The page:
ICM 1/72 I-16 Type 28 Kit First Look
By Michael Benolkin
|Date of Review||June 2006||Manufacturer||ICM|
|Subject||I-16 Type 28||Scale||1/72|
|Kit Number||72073||Primary Media||Styrene|
|Skill Level||Basic||MSRP (USD)||$12.00|
Polikarpov's design signature during the mid and late 1930s was stubby, barrel-shaped fighters. The primary machine during that era was the I-15 biplane. Like their barrel-shaped brothers on the other side of the world, the Grumman F3Fs, the I-15 was going to be transformed almost directly into a monoplane fighter, the I-16. In the transformation, the I-15's upper wing was deleted and the lower wing strengthened to carry the full load. With a wingspan one meter shorter than the I-15, the early I-16 was powered by the same 700hp M-25 radial engine as the late-model I-15. The I-16 also incorporated retractable landing gear which could be exchanged for retractable skis.
Armament for the I-16 Type 10 was a pair of 7.62mm machine guns in the top of the nose and another pair in the wings just outside the propeller arc. The Type 17 retained the nose-mounted machine guns, while the wing-mounted guns were replaced with 20mm cannons.
The I-16 saw combat on two fronts in the late 1930s, first in the Spanish Civil War and later with the Chinese against Japan. In Spain, the early Bf 109s flown by the Nationalists were surprised by the agile I-16 and suffered losses to the 'Rata' (Rat) as they nicknamed it. The Japanese forces were also surprised by the agile I-16 until they finally discovered and exploited the I-16's weaknesses.
By the time the Nazi violated the peace treaty between the Soviet Union and Germany, the I-16 was obsolete. Nonetheless, the I-16 soldiered on into 1943 before being completely phased out of service. One of the most famous tactics flown by Soviet pilots in 1941 was ramming their I-16s into the tails of German aircraft, then either limping back to base or parachuting to safety.
ICM has turned out another installment in the Polikarpov OKB history line. The kit looks to be as nicely detailed as the Special Hobby 1/32 release with one pleasant exception - this kit has a detailed engine, right down to the motor mount.
Molded in white styrene, the kit is presented on one parts tree, plus a tiny clear windscreen that you might miss at the bottom of the parts bag if you're not careful.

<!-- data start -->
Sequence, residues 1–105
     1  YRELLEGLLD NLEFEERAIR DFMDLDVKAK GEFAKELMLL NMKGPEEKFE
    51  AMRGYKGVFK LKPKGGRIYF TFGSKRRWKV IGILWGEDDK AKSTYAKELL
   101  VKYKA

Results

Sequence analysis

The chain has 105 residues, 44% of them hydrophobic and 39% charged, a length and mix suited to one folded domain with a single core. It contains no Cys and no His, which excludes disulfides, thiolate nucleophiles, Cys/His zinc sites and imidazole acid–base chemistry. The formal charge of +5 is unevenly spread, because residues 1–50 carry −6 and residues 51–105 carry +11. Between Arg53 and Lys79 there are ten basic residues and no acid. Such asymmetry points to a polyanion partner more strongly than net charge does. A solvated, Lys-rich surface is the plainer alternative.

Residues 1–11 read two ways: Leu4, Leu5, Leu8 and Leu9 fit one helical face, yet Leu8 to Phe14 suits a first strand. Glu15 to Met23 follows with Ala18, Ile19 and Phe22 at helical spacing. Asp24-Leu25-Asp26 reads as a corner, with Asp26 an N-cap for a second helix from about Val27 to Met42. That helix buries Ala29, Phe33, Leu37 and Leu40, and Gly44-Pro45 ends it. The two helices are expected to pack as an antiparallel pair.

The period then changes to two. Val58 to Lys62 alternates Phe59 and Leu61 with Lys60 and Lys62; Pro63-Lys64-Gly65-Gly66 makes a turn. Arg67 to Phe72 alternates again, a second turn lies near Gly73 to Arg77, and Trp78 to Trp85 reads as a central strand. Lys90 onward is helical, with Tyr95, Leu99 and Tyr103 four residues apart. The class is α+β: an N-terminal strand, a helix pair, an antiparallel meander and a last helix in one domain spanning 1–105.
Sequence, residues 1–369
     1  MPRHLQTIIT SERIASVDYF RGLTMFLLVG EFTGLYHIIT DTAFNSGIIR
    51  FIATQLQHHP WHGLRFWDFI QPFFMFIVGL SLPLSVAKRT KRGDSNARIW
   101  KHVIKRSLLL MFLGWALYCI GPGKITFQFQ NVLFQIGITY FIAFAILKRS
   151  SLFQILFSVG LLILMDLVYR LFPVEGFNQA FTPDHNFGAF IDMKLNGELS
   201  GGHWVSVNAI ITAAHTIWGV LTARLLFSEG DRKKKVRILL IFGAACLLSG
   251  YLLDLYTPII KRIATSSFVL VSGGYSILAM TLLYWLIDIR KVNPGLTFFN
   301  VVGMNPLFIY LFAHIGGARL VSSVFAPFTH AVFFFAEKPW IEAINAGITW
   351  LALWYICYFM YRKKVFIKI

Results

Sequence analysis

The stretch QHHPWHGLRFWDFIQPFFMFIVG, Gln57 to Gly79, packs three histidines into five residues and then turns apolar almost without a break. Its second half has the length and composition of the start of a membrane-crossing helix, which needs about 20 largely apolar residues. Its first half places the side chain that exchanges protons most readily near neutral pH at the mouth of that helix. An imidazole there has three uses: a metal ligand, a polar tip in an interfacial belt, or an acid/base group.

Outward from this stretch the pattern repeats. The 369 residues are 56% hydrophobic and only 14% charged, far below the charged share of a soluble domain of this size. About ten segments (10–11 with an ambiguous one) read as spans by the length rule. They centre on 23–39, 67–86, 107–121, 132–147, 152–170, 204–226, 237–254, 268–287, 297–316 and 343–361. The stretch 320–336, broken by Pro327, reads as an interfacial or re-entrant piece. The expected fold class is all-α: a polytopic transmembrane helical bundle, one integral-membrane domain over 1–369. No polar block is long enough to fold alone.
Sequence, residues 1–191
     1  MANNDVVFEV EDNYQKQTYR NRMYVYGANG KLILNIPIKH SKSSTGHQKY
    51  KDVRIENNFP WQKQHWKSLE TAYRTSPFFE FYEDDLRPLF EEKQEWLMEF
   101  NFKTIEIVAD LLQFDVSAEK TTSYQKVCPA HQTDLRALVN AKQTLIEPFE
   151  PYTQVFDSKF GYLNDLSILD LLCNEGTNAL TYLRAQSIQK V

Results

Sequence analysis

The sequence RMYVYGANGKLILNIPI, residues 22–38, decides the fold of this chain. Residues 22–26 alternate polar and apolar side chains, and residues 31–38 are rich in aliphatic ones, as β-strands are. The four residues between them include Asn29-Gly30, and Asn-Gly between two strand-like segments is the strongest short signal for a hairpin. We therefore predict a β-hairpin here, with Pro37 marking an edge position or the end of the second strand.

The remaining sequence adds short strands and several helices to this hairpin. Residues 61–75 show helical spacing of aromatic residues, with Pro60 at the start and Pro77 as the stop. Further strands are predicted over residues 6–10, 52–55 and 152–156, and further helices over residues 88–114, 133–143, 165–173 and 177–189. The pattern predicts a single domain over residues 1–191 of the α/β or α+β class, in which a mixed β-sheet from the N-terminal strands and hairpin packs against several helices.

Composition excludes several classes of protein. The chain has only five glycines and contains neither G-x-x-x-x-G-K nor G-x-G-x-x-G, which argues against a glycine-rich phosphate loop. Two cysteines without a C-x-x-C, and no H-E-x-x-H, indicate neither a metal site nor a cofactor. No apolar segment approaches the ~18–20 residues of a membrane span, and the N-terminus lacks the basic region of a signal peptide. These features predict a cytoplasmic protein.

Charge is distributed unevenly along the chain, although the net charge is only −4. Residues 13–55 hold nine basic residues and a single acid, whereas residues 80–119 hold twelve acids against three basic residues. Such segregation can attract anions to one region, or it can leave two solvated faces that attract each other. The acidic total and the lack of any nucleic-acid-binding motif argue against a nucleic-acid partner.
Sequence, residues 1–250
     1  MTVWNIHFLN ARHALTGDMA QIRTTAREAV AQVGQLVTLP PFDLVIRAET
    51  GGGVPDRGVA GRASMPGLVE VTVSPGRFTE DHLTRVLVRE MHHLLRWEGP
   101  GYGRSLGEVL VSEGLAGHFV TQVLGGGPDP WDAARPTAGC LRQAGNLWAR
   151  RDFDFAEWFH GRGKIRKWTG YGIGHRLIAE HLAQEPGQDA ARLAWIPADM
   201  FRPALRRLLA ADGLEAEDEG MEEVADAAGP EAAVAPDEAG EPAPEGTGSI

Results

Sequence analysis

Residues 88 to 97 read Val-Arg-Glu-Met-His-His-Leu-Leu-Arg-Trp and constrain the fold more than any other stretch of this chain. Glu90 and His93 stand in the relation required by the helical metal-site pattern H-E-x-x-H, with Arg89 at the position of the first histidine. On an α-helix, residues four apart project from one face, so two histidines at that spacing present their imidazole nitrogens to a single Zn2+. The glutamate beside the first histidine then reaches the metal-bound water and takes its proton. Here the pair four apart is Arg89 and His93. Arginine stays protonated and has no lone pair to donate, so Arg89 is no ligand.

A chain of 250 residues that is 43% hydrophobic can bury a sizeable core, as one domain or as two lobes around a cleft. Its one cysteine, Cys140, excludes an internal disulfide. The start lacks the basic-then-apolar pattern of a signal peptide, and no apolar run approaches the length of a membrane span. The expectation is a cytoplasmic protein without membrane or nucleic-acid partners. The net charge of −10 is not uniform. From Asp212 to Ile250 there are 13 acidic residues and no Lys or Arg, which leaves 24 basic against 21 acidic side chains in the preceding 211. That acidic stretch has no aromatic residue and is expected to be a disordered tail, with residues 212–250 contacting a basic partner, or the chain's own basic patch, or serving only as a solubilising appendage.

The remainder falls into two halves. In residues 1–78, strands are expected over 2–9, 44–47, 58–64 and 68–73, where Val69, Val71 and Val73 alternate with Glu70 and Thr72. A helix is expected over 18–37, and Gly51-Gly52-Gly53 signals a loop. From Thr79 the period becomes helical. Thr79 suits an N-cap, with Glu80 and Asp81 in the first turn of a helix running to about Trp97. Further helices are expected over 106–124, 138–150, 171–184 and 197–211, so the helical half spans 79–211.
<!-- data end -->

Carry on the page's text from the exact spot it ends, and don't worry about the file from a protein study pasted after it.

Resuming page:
ICM has captured one detail that has eluded other I-16 makers - the cockpit floor didn't all across the bottom of the cockpit. Nice! The cockpit detail is nicely captured in this scale with stick, rudder bar, instrument panel, etc.
Despite the scale, ICM hasn't skimped on engine detail either. The radial engine still has separate push-rod and exhaust manifold details. The completed engine then installs inside a five-part cowling and mounts onto the firewall. The firewall even has an oil tank. Pity that there is no way to see any of this detail with the cowling closed, so the enterprising modeler will want to consider leaving off one or more of the cowling access panels to show off that nice detail.
The rudder and elevators are separately molded, so they can be posed in a more natural position. The landing gear is nicely done in its simplicity, though there is no mention in the instructions for the cables that run from the wheel axles through the center of the wheel wells and onto the gear retraction spool. Note the boxart for the look and location of this detail.
Markings are provided for two examples:
- I-16 Type 28, 4th Guards Independent Fighter Regiment, White 96, Baltic Fleet AF, Autumn 1942
- I-16 Type 28, 158th Independent Fighter Regiment, Red 1, Leningrad Air Defense, September 1941
This is a nice looking model that should build up into a nice replica of this unique piece of aviation history. With the variety of color schemes that appeared on this aircraft, you could build a variety of them and not repeat the same camouflage.
My sincere thanks to Testors for this review sample!